I don’t know whether they’ll trade for Butler, but if the Clippers do, I know we’ll crank up the Leonard-Clippers speculation even higher. There’s value in putting that in Leonard’s mind while the Raptors are trying to woo him first-hand over the next year.
Knicks president Steve Mills said New York wouldn’t trade its draft picks and wouldn’t trade for players it could just sign in free agency. In other words: No more Carmelo Anthony– or Andrea Bargnani-type deals.
Then, Jimmy Butler – who can become an unrestricted free agent next summer – requested a trade from the Timberwolves and put the Knicks on his list of preferred destinations (with the Nets and Clippers).
Will Mills hold firm in his patient plan?
Brooklyn and the Clippers appear motivated on Butler, while the Knicks have been firm all summer that the team does not want to part with assets and instead prioritize signing free agents outright, according to sources.
The Knicks should be reluctant to trade for Butler now. Especially with Kristaps Porzingis injured, Butler is unlikely to help New York win meaningfully this season. It’d be much better to sign him next summer and preserve assets.
But there’s no guarantee the Knicks sign him next summer. Whichever team has his Bird Rights and ability to offer him a larger contract will have the upper-hand. There is value in trading for him now.
Perhaps, the Knicks can find a worthwhile Butler trade that includes trading picks. The only way to find out is negotiating with Minnesota. For New York to eliminate the idea outright because the team made mistakes in similar situations would be misguided.
But Knicks are going to Knick.
At least New York isn’t Butler’s first choice.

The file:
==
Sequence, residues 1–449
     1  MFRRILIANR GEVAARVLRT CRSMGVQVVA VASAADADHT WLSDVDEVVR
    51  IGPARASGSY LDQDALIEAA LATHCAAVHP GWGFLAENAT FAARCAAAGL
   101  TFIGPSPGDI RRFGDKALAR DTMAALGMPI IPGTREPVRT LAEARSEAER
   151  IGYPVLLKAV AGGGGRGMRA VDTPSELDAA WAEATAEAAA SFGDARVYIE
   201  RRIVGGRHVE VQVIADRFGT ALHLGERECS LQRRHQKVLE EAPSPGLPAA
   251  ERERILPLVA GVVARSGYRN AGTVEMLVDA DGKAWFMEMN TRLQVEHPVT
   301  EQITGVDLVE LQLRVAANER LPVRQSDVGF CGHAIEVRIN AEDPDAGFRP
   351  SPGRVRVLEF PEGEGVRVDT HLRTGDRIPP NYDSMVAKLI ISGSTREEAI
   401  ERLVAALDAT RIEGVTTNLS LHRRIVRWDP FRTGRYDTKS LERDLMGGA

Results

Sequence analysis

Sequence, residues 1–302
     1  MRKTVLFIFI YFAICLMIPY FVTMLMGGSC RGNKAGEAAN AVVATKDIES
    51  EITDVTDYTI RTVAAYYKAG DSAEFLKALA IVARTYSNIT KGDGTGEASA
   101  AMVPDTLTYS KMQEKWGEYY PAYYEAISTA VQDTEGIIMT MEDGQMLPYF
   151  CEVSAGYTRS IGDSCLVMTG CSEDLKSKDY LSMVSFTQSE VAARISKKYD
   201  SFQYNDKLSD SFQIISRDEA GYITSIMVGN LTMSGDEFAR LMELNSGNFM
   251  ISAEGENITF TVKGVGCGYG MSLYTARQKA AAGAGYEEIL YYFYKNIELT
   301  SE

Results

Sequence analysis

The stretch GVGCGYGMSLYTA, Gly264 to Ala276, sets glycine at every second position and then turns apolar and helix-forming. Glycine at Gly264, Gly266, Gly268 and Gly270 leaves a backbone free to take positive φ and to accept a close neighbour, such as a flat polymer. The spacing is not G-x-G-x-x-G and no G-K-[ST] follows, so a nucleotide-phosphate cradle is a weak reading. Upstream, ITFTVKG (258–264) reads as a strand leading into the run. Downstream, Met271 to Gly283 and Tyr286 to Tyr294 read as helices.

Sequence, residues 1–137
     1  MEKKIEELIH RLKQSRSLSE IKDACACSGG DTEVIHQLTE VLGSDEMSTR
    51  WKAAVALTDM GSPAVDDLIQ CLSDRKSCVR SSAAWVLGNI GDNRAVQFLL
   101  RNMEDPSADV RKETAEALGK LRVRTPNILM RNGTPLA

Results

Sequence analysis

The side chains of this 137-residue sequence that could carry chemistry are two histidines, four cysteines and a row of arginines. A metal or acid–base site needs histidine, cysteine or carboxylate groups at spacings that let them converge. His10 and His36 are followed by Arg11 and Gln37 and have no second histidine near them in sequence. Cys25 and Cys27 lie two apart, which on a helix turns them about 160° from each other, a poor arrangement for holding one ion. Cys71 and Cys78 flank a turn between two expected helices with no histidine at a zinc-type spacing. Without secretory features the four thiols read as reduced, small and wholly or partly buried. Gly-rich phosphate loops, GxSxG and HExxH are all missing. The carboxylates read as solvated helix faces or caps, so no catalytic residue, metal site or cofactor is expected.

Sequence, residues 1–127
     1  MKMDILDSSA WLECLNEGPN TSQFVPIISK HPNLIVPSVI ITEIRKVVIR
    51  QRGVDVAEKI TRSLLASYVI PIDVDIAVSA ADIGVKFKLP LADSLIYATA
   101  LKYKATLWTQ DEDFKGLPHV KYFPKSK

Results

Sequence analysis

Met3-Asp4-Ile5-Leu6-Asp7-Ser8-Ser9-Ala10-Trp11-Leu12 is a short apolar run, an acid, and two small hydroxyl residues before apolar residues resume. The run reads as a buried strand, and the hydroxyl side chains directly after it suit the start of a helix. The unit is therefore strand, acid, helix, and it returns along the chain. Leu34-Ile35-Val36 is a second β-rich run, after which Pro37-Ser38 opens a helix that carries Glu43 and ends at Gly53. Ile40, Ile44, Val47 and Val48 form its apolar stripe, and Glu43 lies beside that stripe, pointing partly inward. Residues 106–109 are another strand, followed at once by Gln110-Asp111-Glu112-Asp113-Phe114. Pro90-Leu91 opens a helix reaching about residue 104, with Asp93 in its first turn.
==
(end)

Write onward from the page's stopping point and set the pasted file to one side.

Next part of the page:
Adrian Wojnarowski of ESPN:
First, L.A. must make the best offer to the Timberwolves and one acceptable to a reportedly reluctant Tom Thibodeau. Then, the Clippers must lure Irving – or any star (Kawhi Leonard?) – from his team.
It’s easy to imagine. It’s far more difficult to turn into reality.
Maybe his trade request from the Timberwolves – ideally to the New York Knicks, Brooklyn Nets or L.A. Clippers – is the next step in this evolution.
He is enamored with the idea of playing a central role in a big market, sources said. Butler had once imagined playing for the Los Angeles Lakers, but LeBron James‘ arrival as the franchise’s cornerstone made it less appealing for Butler in the prime of his career, league sources said.
Playing with LeBron isn’t for everyone. Kawhi Leonard reportedly became more reluctant to join the Lakers once they got LeBron. (Interestingly, Leonard is reportedly dissuaded by the hoopla LeBron would attract while Butler apparently believes he wouldn’t get enough of a spotlight).
I’m not sure how this report fits with Butler wanting to play with Irving, though. Irving is more popular than Butler. Perhaps, Irving holding a smaller stature than LeBron is enough for Butler. Maybe playing with Irving would be the exception to Butler’s desire to have his own team in a big market.
Or maybe Butler still winds up in Los Angeles with LeBron. Butler was reportedly open to it, though that’s a pretty low standard.
No matter what, Butler should pursue what he wants. NBA careers are short. Players should make the most of theirs, whatever that means to them.
Butler has so far shown he can balance working hard and playing well with stardom. He has earned the right to seek a larger public profile without major consternation about what it’d mean to his on-court production.